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As the S&P 500 tests resistance at the 1100-1120 zone, which is the 50% Fibonacci retracement level, it is useful to think about market tone.

How the market reacts to news is often a useful guide to future direction. When the bulls were in full control of the market action, a downgrade by a single analyst on Wells (NYSE:WFC) wouldn’t have taken the market down dramatically in the last hour. When the bulls were in full control, news that the Chinese economy had grown by 8.9% would have been an excuse for further advances and not pullbacks. Moreover, the widespread skepticism over China’s official statistics would have been swept under the rug.

Technical divergences everywhere
Today there are technical divergences everywhere. I won’t go into every single one but the most glaring is the faltering leadership of small cap stocks, which led the rally that began in March 2009. As the chart below shows, the ratio of the Russell 2000 (small caps) to the S&P 500 (large caps) has broken its relative uptrend line, indicating that small cap leadership is rolling over.

[click to enlarge images]

Is the “risk trade” over-owned and over-loved?
Sentiment readings are getting more constructive for the bears. There is no doubt that the risk trade is coming back. The news that John Meriwether is starting his third hedge fund after blowing up two others in spectacular fashion could be the top tick for the market. Moreover, EPFR reports that investors are going out on the risk trade by buying emerging market funds: “the $4 billion of net inflows into Emerging Market Equity Funds in the week ending October 14 was the largest weekly total since December 2007.”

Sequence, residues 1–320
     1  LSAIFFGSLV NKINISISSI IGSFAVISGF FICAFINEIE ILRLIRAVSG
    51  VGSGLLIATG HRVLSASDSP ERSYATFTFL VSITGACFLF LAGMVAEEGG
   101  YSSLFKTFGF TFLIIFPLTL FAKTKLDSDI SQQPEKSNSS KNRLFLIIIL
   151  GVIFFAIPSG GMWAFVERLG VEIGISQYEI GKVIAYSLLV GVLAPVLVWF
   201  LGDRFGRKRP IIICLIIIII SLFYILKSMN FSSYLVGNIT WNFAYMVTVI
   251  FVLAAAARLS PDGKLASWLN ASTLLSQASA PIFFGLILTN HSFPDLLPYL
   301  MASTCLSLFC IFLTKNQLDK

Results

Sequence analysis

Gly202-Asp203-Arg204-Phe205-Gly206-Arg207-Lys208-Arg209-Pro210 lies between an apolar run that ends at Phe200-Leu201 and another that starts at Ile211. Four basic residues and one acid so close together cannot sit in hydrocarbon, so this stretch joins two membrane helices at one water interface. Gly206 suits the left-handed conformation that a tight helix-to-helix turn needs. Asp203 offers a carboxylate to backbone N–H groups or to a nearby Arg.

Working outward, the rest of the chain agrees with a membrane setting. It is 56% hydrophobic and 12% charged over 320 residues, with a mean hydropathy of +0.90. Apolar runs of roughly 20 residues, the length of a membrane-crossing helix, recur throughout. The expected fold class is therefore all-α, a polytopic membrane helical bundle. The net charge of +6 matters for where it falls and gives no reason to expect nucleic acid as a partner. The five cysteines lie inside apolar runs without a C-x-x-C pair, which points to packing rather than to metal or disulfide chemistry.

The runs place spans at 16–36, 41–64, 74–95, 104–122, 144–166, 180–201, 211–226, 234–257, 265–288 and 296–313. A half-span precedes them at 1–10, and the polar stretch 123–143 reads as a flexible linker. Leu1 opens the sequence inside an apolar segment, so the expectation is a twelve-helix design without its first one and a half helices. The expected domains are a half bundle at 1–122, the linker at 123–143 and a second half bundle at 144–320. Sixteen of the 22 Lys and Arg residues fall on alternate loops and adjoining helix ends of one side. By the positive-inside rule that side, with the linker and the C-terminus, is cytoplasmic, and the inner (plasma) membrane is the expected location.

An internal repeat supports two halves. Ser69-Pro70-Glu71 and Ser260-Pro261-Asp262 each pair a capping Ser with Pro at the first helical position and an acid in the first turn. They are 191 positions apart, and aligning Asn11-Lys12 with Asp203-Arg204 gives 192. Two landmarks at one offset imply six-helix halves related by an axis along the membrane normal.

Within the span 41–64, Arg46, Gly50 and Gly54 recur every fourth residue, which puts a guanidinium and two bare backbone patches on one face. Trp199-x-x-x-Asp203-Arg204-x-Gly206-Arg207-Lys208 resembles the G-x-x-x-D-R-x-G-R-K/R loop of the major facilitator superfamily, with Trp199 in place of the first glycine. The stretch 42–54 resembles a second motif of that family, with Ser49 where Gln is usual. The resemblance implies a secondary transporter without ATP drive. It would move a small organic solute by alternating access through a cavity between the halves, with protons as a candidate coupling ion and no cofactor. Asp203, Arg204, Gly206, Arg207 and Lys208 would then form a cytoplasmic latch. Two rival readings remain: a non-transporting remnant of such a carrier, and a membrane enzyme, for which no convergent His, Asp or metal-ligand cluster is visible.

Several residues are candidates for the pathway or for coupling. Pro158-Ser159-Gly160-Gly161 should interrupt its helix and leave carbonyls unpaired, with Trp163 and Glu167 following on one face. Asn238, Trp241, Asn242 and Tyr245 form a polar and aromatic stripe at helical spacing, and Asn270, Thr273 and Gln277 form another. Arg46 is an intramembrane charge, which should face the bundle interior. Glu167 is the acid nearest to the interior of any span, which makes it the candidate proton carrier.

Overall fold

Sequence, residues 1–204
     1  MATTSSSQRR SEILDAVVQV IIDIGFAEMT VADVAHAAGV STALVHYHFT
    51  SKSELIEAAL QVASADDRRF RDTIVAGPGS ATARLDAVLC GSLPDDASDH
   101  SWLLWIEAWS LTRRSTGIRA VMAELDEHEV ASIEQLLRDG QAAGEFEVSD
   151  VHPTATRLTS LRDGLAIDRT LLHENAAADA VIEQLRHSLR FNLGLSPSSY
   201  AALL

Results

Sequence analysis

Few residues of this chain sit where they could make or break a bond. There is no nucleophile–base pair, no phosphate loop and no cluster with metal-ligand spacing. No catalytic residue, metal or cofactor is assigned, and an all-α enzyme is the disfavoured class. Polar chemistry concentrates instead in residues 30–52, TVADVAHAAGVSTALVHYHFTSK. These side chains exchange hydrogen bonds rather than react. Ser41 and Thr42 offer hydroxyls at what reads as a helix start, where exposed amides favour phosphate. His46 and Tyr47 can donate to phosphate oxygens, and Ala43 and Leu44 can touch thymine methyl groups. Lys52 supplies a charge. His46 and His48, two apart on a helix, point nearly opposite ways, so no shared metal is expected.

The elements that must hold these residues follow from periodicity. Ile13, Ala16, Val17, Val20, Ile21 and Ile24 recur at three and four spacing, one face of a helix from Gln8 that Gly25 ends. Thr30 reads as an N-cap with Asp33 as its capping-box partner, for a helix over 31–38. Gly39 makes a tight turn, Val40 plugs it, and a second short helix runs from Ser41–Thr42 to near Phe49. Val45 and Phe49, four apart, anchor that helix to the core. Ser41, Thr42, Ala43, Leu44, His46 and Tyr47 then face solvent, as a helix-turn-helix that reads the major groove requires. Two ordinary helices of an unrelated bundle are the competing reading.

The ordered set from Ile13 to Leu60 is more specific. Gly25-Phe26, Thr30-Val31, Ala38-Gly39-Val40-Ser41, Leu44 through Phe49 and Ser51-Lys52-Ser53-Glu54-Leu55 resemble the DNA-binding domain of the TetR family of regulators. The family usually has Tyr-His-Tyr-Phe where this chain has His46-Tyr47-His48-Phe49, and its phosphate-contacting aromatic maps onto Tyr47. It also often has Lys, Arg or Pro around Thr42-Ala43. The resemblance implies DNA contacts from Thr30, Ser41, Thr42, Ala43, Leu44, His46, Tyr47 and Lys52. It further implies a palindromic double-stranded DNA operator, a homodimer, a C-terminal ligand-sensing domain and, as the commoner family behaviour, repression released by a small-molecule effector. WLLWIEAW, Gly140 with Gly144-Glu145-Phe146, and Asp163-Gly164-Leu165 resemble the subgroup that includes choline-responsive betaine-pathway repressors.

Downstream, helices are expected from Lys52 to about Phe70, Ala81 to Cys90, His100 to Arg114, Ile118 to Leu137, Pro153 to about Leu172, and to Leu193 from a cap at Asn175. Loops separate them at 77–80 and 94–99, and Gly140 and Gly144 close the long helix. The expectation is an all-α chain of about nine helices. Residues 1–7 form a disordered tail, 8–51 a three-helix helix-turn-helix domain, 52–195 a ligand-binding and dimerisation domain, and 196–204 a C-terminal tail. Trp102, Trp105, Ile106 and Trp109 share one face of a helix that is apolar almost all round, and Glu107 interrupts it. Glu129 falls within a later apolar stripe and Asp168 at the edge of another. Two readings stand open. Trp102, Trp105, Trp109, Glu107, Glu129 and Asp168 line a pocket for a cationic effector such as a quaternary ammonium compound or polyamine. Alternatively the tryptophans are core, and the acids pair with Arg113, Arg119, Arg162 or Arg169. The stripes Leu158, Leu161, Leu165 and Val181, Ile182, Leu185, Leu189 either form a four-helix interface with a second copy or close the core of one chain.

Mary Ann Bartels of BofA/Merrill Lynch reports that large speculators (read: hedge funds) are starting to sell their crowded long position in NASDAQ 100 futures, the high-beta vehicle of choice among the fast money crowd. As well, the AAII poll of individual investors is at an elevated bullish level, though not quite a crowded long reading.


On the other hand, Mark Hulbert wrote that newsletter writers are still skeptical of this stock market rally, which is contrarian bullish.

Watch how sentiment develops
On top of that, you have a market that is overvalued by Tobin Q standards and seriously intermediate term overbought. The inability of the market bulls to shrug off bad news and to advance in the face of good news, as well as faltering small cap leadership, are signs indicative of an imminent pullback.

Given the still somewhat mixed sentiment picture, the key to future market direction would be how sentiment readings change should the market correct. Would investors be so convinced of a V-shaped recovery (see examples of stories here, here and here) that they would buy on dips and send sentiment readings into over-owned territory, which would be bearish? Or will they turn cautious, which may ironically limit the downside of any corrective action?

Source: Return of the Risk Trade